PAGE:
Well, it’s always a thing, like they’re always positive and negative sides and nothing is like completely proven. Like with Amazon, the main thing is like Amazon never comes in front of people and tell us like, okay, this works, this doesn’t work and you should do this or you shouldn’t do this. So you should figure it out on your own, in different situations what happened. Like these, these lessons are pretty expensive. Like when you’re out of stock, like try not to be in that situation when you have a chance. But what we suggest clients to do at this point is like, if you’re almost out of stock, try to optimize spend as much as possible because sales are going to happen this or another way. Um, like what you want to do is, you want to keep your PPC for like cross targeting ASIN’s, like for defending your products, like 100% sure for that rather than to have some other showing up on your product? Uh, I would definitely show up as, as much as possible if, if I have product in stock, but if, if I’m running out of stock, I would try to optimize everything. And yeah, one of the things that I always remember is that for Sponsored Brand ads, like in the past, everybody was like, okay, they create the ad and it pause automatically when you’re out of stock, but now it works and now it can show only your logo. So double-check headline search ads or Sponsored Brand ads , and make sure that they’re not wasting money just to show your logo. I’m sure that most of you guys have a really cool logo, but there is smarter way to spend money.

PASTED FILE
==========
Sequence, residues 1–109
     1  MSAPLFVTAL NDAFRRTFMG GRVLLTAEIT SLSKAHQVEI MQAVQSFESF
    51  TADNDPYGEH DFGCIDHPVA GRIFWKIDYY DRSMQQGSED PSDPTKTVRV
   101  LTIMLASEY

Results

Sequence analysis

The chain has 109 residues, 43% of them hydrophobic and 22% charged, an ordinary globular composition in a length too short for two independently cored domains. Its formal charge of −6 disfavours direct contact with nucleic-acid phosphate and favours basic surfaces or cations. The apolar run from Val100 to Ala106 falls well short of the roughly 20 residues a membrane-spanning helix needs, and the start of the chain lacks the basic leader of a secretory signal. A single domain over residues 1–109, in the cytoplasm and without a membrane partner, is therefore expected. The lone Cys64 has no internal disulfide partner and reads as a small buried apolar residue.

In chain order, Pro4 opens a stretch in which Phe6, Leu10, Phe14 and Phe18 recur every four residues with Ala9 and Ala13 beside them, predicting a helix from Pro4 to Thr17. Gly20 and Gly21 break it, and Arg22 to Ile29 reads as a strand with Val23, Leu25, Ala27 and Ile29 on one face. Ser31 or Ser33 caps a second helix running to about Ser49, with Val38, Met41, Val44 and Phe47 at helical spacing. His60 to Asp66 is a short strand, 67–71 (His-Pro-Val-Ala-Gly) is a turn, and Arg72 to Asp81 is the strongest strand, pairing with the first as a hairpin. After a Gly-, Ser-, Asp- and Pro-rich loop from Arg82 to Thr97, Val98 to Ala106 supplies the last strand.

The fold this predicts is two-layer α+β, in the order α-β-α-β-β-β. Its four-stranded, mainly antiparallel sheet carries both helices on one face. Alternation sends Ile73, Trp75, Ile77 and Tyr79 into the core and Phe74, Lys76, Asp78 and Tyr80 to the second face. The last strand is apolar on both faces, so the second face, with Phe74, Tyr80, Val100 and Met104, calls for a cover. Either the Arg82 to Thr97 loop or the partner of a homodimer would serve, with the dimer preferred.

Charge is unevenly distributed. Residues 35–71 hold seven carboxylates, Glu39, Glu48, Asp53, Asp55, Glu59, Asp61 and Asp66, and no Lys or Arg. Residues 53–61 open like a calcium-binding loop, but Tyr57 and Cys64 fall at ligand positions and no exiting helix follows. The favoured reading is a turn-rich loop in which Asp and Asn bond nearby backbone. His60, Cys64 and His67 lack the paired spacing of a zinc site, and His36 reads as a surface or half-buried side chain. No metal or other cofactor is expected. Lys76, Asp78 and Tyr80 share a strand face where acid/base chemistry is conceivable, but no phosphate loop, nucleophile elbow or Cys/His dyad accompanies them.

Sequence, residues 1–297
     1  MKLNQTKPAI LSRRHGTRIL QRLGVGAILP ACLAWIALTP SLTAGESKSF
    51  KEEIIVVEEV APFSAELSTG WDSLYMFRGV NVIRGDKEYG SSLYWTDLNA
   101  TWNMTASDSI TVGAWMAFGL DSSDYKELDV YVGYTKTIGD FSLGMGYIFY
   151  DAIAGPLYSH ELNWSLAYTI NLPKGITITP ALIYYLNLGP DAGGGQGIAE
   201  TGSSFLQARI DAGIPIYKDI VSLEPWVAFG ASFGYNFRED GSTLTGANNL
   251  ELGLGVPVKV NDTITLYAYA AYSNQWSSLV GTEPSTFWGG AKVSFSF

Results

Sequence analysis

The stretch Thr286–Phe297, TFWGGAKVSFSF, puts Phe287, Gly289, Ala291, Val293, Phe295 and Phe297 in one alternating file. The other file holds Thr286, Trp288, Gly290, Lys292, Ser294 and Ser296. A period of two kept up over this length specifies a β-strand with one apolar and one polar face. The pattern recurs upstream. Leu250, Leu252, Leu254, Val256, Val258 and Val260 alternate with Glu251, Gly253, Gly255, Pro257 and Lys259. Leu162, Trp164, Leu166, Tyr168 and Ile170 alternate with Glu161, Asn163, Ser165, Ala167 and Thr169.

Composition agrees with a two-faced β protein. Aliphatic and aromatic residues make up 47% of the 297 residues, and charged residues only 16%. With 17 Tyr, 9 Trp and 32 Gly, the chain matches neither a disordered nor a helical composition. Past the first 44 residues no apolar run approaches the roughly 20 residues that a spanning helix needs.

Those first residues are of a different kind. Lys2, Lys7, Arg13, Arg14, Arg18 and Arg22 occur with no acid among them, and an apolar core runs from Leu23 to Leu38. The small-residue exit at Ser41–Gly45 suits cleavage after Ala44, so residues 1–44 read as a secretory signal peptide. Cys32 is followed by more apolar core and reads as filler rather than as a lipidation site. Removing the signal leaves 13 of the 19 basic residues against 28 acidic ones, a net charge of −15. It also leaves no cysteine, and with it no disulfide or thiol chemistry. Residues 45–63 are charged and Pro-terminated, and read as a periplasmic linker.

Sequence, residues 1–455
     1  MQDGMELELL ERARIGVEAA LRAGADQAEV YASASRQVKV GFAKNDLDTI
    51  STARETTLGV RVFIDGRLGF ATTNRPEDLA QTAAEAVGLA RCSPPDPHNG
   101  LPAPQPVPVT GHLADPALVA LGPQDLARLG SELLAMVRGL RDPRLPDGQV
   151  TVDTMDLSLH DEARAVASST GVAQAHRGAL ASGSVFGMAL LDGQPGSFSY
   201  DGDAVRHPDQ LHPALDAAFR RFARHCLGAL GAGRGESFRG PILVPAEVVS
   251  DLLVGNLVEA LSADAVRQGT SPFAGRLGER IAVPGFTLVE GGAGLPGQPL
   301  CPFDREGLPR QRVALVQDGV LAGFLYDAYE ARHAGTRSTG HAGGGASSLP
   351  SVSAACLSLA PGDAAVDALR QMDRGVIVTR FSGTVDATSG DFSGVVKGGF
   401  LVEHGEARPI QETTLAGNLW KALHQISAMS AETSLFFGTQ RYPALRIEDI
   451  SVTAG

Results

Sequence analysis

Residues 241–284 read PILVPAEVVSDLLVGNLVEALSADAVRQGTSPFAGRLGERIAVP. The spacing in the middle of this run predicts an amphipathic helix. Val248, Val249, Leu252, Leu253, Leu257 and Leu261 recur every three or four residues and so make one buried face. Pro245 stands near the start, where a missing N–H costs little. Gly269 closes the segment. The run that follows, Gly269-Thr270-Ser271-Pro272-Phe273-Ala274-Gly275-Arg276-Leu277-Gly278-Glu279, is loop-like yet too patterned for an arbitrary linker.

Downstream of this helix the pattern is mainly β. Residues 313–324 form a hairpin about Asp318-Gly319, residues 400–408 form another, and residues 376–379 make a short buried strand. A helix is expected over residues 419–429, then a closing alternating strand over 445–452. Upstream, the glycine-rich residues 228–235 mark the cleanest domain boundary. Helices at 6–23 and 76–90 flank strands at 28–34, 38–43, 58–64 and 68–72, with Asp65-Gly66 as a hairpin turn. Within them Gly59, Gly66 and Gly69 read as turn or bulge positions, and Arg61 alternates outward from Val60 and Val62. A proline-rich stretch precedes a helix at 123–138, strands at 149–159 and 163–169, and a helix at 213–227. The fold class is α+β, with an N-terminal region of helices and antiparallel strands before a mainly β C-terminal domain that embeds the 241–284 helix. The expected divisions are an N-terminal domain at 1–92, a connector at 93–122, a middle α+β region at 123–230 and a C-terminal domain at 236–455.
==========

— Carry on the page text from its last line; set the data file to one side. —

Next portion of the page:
Yeah. Yeah. I hear that. We can do an episode on those at some point too.
Yeah, definitely. We should. Okay. I think we’re good for today. It’s a solid one for our first one.
Well, sounds good.
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Thank you. Bye.